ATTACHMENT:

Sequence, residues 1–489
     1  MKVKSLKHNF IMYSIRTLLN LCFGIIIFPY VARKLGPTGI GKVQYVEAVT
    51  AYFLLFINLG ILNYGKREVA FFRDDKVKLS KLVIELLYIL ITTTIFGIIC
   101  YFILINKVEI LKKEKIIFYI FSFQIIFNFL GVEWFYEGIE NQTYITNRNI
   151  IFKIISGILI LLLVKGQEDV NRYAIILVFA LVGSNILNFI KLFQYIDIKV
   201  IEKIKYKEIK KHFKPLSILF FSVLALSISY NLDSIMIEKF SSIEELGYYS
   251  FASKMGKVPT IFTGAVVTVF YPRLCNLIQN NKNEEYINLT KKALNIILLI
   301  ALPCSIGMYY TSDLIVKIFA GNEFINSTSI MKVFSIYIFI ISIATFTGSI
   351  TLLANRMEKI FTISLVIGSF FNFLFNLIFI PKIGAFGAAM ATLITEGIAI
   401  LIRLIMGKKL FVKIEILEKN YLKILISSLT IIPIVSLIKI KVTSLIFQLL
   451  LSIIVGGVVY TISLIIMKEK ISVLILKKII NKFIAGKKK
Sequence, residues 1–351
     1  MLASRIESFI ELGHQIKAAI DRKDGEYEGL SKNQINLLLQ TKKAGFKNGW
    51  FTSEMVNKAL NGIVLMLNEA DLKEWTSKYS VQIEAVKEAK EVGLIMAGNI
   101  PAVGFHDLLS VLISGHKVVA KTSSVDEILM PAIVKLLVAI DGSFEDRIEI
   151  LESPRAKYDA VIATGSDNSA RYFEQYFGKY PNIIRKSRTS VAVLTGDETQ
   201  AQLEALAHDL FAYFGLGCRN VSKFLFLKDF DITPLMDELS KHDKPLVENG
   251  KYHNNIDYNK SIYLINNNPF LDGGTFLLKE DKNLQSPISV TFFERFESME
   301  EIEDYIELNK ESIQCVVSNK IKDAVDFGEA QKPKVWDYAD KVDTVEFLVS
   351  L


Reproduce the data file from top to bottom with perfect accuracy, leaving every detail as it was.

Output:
Sequence, residues 1–489
     1  MKVKSLKHNF IMYSIRTLLN LCFGIIIFPY VARKLGPTGI GKVQYVEAVT
    51  AYFLLFINLG ILNYGKREVA FFRDDKVKLS KLVIELLYIL ITTTIFGIIC
   101  YFILINKVEI LKKEKIIFYI FSFQIIFNFL GVEWFYEGIE NQTYITNRNI
   151  IFKIISGILI LLLVKGQEDV NRYAIILVFA LVGSNILNFI KLFQYIDIKV
   201  IEKIKYKEIK KHFKPLSILF FSVLALSISY NLDSIMIEKF SSIEELGYYS
   251  FASKMGKVPT IFTGAVVTVF YPRLCNLIQN NKNEEYINLT KKALNIILLI
   301  ALPCSIGMYY TSDLIVKIFA GNEFINSTSI MKVFSIYIFI ISIATFTGSI
   351  TLLANRMEKI FTISLVIGSF FNFLFNLIFI PKIGAFGAAM ATLITEGIAI
   401  LIRLIMGKKL FVKIEILEKN YLKILISSLT IIPIVSLIKI KVTSLIFQLL
   451  LSIIVGGVVY TISLIIMKEK ISVLILKKII NKFIAGKKK
Sequence, residues 1–351
     1  MLASRIESFI ELGHQIKAAI DRKDGEYEGL SKNQINLLLQ TKKAGFKNGW
    51  FTSEMVNKAL NGIVLMLNEA DLKEWTSKYS VQIEAVKEAK EVGLIMAGNI
   101  PAVGFHDLLS VLISGHKVVA KTSSVDEILM PAIVKLLVAI DGSFEDRIEI
   151  LESPRAKYDA VIATGSDNSA RYFEQYFGKY PNIIRKSRTS VAVLTGDETQ
   201  AQLEALAHDL FAYFGLGCRN VSKFLFLKDF DITPLMDELS KHDKPLVENG
   251  KYHNNIDYNK SIYLINNNPF LDGGTFLLKE DKNLQSPISV TFFERFESME
   301  EIEDYIELNK ESIQCVVSNK IKDAVDFGEA QKPKVWDYAD KVDTVEFLVS
   351  L